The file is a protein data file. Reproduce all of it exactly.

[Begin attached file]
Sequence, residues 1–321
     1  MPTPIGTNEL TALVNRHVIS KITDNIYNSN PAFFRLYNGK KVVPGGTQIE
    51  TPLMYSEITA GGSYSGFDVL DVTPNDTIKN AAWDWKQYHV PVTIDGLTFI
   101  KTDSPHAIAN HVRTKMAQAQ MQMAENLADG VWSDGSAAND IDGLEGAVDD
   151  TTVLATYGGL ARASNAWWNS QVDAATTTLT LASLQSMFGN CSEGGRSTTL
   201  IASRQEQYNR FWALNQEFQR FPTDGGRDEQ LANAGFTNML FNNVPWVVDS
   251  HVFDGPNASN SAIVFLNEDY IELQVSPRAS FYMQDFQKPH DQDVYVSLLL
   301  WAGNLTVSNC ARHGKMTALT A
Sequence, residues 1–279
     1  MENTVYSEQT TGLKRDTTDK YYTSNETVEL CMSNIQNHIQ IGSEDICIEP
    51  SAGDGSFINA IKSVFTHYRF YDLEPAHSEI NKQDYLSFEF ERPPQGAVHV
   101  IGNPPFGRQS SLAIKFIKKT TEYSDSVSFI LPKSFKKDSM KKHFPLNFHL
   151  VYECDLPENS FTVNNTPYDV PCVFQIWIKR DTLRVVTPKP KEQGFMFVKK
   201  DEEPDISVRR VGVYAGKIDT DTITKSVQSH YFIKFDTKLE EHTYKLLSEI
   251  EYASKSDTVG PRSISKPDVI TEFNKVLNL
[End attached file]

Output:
Sequence, residues 1–321
     1  MPTPIGTNEL TALVNRHVIS KITDNIYNSN PAFFRLYNGK KVVPGGTQIE
    51  TPLMYSEITA GGSYSGFDVL DVTPNDTIKN AAWDWKQYHV PVTIDGLTFI
   101  KTDSPHAIAN HVRTKMAQAQ MQMAENLADG VWSDGSAAND IDGLEGAVDD
   151  TTVLATYGGL ARASNAWWNS QVDAATTTLT LASLQSMFGN CSEGGRSTTL
   201  IASRQEQYNR FWALNQEFQR FPTDGGRDEQ LANAGFTNML FNNVPWVVDS
   251  HVFDGPNASN SAIVFLNEDY IELQVSPRAS FYMQDFQKPH DQDVYVSLLL
   301  WAGNLTVSNC ARHGKMTALT A
Sequence, residues 1–279
     1  MENTVYSEQT TGLKRDTTDK YYTSNETVEL CMSNIQNHIQ IGSEDICIEP
    51  SAGDGSFINA IKSVFTHYRF YDLEPAHSEI NKQDYLSFEF ERPPQGAVHV
   101  IGNPPFGRQS SLAIKFIKKT TEYSDSVSFI LPKSFKKDSM KKHFPLNFHL
   151  VYECDLPENS FTVNNTPYDV PCVFQIWIKR DTLRVVTPKP KEQGFMFVKK
   201  DEEPDISVRR VGVYAGKIDT DTITKSVQSH YFIKFDTKLE EHTYKLLSEI
   251  EYASKSDTVG PRSISKPDVI TEFNKVLNL